These companies will be emboldened to continue to hold out for better settlement terms in the belief new leadership at the CFPB will be unlikely to take them to court if they do not play ball.

On the enforcement side, the impact of the appointment of a new director would extend beyond potential settlements. Turning again to the Reuters piece cited above:

A Trump appointee likely would review all the CFPB’s pending litigation and pre-litigation enforcement actions, and could ultimately drop borderline cases or move to swiftly settle them on generous terms, lawyers and analysts said.

They highlighted the CFPB’s current actions against TCF, Navient, mortgage servicer Ocwen Financial Corp. N>, mortgage company PHH Corp. and consumer finance group World Acceptance Corp. as cases that might be quickly resolved. Shares in these companies closed up on Wednesday, when Cordray announced his departure.

And on  the rule-making side, a new director is expected to shift CFPB’s approach significantly, in the following ways, as the Chicago Tribune reports in Trump is said to consider tapping Mulvaney for CFPB overhaul:

An interim director could immediately change the tone at the CFPB by making it more friendly to banks, halting work on unfinished regulations and slowing down rules that haven’t yet taken effect.

A temporary head could also have a major impact on the CFPB’s oversight of specific companies. Investigations into wrongdoing might be shut down and supervisory exams could be less intrusive.

Another expected target of a Trump-installed director would be the CFPB’s database of consumer complaints. Hated by banks, it allows the public to review grievances about specific firms and has been used by the CFPB to open investigations. Getting rid of the database entirely may be difficult, according to some lawyers, but it’s within the director’s authority to make it private and to temporarily shut it down.

The Bottom Line

The Cordray-led CFPB proved to be a major disappointment to consumer advocates. Under a Trump-nominated director, the situation will only worsen, with the CFPB expected to scale back the scope and range of it activities drastically.

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  1. David, by the lake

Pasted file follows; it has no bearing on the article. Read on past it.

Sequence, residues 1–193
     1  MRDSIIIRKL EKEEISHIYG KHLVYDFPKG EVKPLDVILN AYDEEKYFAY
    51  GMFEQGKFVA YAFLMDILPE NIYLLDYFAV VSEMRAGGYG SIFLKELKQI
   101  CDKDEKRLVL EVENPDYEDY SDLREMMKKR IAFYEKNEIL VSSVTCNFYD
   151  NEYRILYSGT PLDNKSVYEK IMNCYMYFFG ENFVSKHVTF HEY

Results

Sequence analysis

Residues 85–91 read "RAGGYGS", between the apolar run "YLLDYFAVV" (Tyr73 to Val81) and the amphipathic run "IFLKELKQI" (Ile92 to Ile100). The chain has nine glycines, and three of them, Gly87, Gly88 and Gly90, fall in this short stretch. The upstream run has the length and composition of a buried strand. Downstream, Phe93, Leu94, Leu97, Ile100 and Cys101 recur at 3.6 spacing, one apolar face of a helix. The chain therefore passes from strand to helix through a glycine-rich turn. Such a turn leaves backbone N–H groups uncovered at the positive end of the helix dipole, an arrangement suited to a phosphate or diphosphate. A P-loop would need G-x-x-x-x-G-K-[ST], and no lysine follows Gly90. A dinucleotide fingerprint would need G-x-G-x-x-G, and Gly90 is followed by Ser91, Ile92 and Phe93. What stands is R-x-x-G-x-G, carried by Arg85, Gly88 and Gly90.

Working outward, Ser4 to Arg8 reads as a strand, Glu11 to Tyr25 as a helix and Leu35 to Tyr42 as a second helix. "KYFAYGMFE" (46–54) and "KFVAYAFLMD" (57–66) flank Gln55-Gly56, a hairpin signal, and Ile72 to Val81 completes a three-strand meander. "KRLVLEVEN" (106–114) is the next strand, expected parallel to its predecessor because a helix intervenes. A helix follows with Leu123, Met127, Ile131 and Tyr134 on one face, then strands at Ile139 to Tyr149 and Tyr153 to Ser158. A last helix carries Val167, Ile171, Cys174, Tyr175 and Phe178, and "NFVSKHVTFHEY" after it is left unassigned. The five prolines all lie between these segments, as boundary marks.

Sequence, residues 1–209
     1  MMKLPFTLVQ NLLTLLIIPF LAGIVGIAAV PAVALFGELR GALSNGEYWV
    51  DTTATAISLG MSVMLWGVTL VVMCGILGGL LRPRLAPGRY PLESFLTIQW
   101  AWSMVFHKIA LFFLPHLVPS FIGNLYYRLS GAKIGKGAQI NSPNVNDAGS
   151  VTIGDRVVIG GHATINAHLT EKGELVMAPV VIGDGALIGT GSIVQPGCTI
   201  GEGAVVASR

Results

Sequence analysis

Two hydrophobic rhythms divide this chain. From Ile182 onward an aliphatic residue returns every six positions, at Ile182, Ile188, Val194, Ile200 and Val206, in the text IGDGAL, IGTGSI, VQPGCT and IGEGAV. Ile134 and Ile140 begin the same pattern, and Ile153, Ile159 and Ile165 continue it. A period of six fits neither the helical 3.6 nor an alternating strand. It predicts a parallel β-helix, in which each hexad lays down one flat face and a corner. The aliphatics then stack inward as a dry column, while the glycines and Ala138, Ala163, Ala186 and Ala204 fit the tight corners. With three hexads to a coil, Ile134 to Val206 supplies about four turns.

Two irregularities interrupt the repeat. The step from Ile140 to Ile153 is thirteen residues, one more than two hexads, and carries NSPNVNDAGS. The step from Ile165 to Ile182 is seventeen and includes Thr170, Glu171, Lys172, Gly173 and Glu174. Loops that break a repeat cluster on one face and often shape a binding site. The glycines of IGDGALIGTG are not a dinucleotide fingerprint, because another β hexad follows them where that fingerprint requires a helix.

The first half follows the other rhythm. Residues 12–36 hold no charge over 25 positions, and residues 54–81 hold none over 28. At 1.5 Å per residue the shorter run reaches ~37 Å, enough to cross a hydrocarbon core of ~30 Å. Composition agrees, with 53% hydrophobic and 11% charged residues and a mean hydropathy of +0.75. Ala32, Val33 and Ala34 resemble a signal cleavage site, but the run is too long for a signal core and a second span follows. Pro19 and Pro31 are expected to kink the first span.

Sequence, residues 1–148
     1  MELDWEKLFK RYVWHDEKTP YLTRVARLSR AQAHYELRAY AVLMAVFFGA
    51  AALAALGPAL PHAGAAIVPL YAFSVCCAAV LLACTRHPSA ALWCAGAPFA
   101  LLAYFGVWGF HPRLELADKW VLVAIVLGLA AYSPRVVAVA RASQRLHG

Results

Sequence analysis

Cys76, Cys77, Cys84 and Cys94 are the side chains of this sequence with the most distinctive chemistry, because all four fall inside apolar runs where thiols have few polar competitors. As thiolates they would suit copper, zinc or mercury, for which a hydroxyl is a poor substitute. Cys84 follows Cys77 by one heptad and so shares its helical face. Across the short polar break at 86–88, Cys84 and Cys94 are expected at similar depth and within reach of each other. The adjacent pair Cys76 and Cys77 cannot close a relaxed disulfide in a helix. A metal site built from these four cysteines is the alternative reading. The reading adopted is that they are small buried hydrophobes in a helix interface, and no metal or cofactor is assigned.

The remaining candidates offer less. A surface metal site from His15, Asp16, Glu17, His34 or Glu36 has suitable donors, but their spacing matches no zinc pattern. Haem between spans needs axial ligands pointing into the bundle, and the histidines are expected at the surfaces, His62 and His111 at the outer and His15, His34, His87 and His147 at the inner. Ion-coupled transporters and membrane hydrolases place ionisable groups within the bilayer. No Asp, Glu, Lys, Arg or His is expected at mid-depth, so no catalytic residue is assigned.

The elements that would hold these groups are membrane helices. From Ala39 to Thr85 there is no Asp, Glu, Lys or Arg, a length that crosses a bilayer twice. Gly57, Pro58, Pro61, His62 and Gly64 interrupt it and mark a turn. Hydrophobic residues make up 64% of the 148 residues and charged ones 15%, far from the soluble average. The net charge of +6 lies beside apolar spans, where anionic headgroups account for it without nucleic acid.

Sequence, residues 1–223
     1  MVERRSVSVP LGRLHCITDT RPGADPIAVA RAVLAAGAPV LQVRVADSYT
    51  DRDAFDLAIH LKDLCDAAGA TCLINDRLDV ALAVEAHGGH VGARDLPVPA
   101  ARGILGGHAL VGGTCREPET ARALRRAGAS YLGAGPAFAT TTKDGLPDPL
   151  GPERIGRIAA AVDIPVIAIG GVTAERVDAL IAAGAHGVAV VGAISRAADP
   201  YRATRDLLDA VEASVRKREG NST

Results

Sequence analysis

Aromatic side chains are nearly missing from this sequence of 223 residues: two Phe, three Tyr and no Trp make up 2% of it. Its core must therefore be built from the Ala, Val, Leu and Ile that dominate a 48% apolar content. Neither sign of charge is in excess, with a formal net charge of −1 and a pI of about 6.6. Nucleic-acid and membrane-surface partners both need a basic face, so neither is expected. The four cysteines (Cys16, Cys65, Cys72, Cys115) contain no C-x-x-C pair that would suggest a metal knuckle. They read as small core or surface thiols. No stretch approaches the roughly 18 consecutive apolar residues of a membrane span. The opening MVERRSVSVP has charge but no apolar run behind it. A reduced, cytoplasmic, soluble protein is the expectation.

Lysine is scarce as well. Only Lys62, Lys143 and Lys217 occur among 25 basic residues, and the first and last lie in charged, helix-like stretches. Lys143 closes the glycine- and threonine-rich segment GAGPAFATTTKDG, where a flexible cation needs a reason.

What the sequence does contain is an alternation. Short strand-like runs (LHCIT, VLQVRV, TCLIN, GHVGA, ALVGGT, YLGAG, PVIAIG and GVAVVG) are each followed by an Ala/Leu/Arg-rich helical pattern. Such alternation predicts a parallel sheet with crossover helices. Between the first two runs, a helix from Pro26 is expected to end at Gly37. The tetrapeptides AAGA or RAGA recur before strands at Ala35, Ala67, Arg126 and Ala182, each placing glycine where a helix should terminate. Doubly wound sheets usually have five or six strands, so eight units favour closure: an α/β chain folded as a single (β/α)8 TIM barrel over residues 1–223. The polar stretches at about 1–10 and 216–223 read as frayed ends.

I am a member of credit unions for a reason. If the banks don’t respect you as a customer, don’t be a customer.

  2. Vatch

    Maybe Trump will nominate John Stumpf, the former CEO of Wells Fargo Bank. Or if Mr. Stumpf isn’t sufficiently detail oriented, the President will nominate Carrie Tolstedt. She knows how to get things done!

  3. TarheelDem

    The historical record is that when the financial industry gets what it wants, it proceeds to destroy the financial system and create general misery, which eventually gets political blowback.

    Given that we are going off of a 40-year manufacturing decline in employment instead of a 10-year decline in agricultural prices, that disruption could be more drastic that the 1929-1940 Great Depression.

    A nation of deadbeats indeed!

  4. perpetualWAR

    The CFPB is a wonderful thing. A nice database of criminal acts by the banks that have not been addressed by our collusive federal government.

  5. David

    Lotta speculation as to what Mr. Mulvaney will do or even if he’ll get appointed.

    Here’s the transcript of what Mulvaney said in his confirmation regarding the CFPB (edited).

    Senator MERKLEY [Jeff Merkley (D) OR] ..Do you still believe that CFPB is a sad, sick joke?

    Mr. MULVANEY. Yes, sir, I do, and I will be happy to tell you why. It is to me, sir, one of the most offensive concepts, I think, in a representative Government, which is an almost completely un- accountable Government bureaucracy, Government regulatory agency. One of the most frustrating experiences I have had since I have been in Congress is people walking into my office and ask- ing me for help and having me look them in the eye and say, ‘‘I am sorry. There is no way under any circumstance that I can help you.’’ And that is what I have been forced to do with the CFPB, because they are off appropriations, because we do not budget for them, because they are run by essentially a one-person dictator who believes he cannot even be fired by the President but for cause. We have created, perhaps inadvertently, the very worst kind of Government entity.


    Senator MERKLEY. So let me stop you there and just say I understand you do not like the structure of the CFPB.

    Mr. MULVANEY. Yes, sir.

    Senator MERKLEY. But when you look at the fact that they have returned millions of dollars from organizations that essentially admitted—because these were largely settlements—admitted that they had misled borrowers or cheated them outside the law, isn’t that a good thing to have somebody holding those folks accountable?